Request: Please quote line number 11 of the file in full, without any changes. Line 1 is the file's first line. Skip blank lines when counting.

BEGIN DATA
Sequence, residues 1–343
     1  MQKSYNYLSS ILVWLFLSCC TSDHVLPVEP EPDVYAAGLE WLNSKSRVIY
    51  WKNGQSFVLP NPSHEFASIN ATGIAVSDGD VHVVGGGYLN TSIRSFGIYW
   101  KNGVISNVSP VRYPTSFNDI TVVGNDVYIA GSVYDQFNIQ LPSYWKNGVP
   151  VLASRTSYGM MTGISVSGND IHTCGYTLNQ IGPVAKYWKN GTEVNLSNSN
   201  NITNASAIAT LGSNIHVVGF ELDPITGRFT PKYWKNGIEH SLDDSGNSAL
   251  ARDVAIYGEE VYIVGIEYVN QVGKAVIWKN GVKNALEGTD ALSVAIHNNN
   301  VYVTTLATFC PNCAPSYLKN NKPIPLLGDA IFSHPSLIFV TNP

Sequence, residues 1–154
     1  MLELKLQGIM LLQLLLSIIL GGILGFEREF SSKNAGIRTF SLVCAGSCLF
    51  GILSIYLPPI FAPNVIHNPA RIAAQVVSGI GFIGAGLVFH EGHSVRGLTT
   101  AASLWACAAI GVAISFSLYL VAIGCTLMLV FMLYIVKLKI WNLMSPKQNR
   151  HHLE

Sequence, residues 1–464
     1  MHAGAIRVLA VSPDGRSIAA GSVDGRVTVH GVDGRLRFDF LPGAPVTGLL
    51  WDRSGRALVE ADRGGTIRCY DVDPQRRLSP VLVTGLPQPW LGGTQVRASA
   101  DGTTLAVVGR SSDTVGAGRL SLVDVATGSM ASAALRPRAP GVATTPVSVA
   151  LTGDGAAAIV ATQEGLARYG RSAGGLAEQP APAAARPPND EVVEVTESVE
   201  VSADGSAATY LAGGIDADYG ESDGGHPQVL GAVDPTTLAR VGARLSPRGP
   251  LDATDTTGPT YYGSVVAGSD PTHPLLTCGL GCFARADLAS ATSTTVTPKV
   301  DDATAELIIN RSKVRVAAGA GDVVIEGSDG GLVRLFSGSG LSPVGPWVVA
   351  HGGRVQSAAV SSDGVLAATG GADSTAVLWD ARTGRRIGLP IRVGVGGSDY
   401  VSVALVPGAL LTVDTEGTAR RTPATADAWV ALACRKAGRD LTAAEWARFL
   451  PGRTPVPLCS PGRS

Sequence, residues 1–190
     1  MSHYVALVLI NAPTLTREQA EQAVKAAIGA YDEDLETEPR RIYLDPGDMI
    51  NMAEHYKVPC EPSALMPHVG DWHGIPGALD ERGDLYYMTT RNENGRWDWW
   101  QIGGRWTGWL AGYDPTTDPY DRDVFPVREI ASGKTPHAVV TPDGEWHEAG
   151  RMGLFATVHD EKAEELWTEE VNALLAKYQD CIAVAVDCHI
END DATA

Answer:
    51  GILSIYLPPI FAPNVIHNPA RIAAQVVSGI GFIGAGLVFH EGHSVRGLTT